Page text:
Hurricane Sandy was one of the worst natural disasters in US history. These winds caused heavy damages to thousands of homes, drove thousands upon thousands of survivors into shelters and caused millions of dollars in damage to crucial infrastructure systems like power transmission, transportation as well as water and sewage handling facilities in the affected area. One of the saddening statistics from Hurricane Sandy is the loss of lives by the 73 people as a result of these massive storms. Consequently, several insurance claims were launched by the affected at various FEMA offices, expecting compensation.
Owing to the magnitude of the situation at that time, some other entities were forced to, in one way or another, step in and try subduing the situation which almost got out of hand. Organizations like NFIP helped litigate between policyholders and FEMA in a bid to expedite the process and ensure satisfactory compensation for all those affected. Despite the FEMA ‘s struggle to handle the claims, and as would be expected, several court cases ensued from those suspecting foul play in the whole process of claims, particularly with regards to engineering reports linked to claims adjustment. This increased FEMA ‘s burden even further as it had to handle the court cases, and at the same time, process the claims.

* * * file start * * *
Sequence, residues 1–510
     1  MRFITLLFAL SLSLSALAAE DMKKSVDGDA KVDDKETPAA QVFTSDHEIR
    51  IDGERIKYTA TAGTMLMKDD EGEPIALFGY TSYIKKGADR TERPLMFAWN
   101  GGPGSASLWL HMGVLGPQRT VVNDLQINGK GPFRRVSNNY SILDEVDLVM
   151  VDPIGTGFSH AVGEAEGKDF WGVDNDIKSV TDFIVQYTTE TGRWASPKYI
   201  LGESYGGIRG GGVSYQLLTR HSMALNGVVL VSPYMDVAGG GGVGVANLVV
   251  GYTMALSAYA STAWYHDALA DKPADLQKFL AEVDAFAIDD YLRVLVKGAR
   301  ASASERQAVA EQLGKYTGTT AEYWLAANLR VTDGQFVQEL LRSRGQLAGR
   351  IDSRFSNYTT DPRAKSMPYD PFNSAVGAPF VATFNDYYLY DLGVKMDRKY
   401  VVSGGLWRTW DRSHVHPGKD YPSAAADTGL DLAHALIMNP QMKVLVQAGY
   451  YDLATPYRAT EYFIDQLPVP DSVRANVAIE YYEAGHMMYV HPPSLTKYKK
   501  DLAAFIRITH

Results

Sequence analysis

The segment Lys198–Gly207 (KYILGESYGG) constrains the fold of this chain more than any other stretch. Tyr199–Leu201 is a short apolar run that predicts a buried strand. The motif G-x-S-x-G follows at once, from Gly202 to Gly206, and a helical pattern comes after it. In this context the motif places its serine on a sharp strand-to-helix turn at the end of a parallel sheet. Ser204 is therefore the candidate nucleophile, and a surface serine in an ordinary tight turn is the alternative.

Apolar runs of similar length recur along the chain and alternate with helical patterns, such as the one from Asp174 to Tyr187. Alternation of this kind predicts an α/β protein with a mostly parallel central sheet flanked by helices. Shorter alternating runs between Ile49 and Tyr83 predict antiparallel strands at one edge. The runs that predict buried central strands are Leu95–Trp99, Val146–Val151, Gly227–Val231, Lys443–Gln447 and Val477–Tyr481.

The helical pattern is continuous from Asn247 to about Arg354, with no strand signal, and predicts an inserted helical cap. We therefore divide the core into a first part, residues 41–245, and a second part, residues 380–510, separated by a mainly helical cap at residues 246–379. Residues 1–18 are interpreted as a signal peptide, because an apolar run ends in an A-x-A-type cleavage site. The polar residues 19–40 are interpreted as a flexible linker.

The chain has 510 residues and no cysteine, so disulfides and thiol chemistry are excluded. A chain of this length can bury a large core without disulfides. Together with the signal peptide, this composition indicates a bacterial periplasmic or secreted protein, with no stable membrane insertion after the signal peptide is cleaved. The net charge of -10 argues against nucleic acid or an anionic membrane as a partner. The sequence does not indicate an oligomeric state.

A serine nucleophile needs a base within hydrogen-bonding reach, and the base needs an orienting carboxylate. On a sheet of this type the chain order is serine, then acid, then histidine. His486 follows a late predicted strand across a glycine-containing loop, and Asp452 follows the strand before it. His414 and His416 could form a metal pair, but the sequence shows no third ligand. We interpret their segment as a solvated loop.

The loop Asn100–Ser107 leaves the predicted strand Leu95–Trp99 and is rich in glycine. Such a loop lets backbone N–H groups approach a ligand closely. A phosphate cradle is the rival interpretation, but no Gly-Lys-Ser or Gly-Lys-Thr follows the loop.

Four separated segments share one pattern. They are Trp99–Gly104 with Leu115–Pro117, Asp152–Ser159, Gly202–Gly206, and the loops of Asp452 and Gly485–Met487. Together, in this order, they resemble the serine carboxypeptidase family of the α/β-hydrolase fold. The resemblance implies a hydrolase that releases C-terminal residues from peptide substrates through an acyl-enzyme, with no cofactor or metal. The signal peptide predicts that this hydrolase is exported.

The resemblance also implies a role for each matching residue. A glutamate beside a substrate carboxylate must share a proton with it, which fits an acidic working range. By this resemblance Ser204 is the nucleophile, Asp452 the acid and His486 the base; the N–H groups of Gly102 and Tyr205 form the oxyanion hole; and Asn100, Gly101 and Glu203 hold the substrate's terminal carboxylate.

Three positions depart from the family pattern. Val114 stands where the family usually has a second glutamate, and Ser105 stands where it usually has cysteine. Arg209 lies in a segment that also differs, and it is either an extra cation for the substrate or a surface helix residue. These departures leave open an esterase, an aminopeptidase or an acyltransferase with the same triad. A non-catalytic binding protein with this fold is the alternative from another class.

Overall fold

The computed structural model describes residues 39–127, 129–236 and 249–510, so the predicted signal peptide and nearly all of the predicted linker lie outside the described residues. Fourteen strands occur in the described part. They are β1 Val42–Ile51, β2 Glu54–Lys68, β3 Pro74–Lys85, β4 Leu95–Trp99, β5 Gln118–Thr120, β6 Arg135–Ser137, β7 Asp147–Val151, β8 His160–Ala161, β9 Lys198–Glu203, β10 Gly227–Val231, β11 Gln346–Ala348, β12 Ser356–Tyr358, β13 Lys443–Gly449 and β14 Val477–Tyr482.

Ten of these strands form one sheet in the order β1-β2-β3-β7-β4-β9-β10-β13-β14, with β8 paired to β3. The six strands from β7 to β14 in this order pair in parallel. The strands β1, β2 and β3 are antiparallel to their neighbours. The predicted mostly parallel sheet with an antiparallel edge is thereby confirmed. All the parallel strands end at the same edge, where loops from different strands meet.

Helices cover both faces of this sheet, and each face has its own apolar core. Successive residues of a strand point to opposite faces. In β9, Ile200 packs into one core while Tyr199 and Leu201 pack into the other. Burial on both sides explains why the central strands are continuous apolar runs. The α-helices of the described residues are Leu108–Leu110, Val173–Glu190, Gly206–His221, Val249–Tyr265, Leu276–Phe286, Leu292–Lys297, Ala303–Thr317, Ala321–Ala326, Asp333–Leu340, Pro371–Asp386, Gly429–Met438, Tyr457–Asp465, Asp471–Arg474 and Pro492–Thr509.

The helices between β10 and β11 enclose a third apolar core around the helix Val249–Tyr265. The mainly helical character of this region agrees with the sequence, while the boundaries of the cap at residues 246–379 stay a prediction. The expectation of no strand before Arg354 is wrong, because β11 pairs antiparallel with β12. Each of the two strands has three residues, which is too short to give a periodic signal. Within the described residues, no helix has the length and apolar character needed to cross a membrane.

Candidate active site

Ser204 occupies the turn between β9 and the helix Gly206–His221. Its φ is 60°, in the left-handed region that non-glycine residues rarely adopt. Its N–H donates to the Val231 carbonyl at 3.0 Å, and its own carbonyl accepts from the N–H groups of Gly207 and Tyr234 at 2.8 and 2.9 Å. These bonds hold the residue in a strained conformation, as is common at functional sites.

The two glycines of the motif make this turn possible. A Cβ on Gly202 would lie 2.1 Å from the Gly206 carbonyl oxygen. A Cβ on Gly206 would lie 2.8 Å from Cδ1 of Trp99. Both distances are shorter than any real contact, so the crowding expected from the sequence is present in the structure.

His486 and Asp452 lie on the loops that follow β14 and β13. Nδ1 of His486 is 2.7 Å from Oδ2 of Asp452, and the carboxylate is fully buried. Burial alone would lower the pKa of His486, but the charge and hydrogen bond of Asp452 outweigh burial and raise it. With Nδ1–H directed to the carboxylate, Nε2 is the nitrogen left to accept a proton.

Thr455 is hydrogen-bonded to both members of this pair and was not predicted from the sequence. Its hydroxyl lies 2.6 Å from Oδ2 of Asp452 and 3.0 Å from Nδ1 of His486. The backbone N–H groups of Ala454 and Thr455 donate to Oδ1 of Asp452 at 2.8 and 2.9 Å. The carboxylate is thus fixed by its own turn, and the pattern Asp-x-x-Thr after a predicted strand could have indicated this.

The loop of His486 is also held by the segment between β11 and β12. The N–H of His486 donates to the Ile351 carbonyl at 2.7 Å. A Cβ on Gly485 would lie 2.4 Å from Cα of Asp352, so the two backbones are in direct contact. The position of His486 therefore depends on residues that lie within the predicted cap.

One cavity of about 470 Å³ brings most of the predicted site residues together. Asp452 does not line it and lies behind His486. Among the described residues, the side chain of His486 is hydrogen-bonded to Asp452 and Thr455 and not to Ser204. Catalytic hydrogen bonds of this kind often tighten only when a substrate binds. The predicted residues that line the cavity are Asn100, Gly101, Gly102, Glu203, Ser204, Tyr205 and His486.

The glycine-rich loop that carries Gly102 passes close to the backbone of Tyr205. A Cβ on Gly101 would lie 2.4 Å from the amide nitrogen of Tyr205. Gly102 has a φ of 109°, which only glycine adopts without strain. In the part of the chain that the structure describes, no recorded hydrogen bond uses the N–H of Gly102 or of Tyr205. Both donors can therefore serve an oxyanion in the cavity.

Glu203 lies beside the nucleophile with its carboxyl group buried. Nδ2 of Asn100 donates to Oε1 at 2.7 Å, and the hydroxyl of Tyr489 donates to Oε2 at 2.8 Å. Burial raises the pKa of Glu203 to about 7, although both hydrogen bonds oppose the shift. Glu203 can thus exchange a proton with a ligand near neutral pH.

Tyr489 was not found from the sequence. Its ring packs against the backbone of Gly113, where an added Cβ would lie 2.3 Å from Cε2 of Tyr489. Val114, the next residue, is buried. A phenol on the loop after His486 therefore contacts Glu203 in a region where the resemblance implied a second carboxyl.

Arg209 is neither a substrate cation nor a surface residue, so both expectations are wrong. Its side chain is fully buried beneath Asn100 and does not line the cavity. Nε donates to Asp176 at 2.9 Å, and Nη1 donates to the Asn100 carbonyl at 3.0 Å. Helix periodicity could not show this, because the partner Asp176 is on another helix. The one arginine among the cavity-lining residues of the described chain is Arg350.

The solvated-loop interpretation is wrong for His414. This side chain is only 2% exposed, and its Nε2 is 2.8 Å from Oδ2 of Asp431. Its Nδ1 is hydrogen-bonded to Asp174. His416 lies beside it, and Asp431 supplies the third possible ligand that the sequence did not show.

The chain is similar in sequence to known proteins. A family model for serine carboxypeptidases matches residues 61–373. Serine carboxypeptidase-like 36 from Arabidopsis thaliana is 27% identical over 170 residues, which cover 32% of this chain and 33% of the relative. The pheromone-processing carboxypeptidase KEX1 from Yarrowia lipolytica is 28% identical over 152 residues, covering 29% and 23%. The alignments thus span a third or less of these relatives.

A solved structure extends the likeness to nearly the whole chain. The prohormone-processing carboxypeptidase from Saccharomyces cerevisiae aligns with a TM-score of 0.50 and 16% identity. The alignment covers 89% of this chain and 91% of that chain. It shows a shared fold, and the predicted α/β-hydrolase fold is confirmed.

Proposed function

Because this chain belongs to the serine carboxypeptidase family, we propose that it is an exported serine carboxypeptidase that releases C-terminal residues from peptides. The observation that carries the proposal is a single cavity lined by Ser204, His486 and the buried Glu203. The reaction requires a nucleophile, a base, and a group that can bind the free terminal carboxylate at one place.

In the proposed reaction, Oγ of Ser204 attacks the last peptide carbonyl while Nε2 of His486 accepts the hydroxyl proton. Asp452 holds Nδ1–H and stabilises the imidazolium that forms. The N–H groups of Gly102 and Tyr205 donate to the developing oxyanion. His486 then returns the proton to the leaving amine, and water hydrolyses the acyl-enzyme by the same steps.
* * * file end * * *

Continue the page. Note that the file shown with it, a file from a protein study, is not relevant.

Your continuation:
Despite all these obstacles, FEMA still managed to assist policyholders to reach settlement and resolution of their flood claims which were currently in litigation at that time. Moreover, FEMA established a process to ensure that all the policyholders who were not part of the proceeding litigation, but were impacted by similar circumstances, had a well-established avenue to launch and have their claims reviewed and processed.
True to their promise the agency agreed to review each one of these claims hoping to reach an amicable solution thereafter. Such wholesome review was partly brought about by pressure and claims that the whole process was marred with irregularities which led to the minimization of the claims. In light of this, some of the officials were forced to retire and some resigned in the wake of the mounting pressure from those affected.
Conclusively, close to 141,800 people who launched claims with FEMA applied for reviews of the same. This brought a lot of confusion in the process, derailing the whole system of claim processing and causing several questions on how FEMA carries out its operations. Apart from revealing the true colors of FEMA, the claims arising from Hurricane Sandy were also deemed as a solid proof of how complex filing a Proof of Loss with FEMA following a disaster is.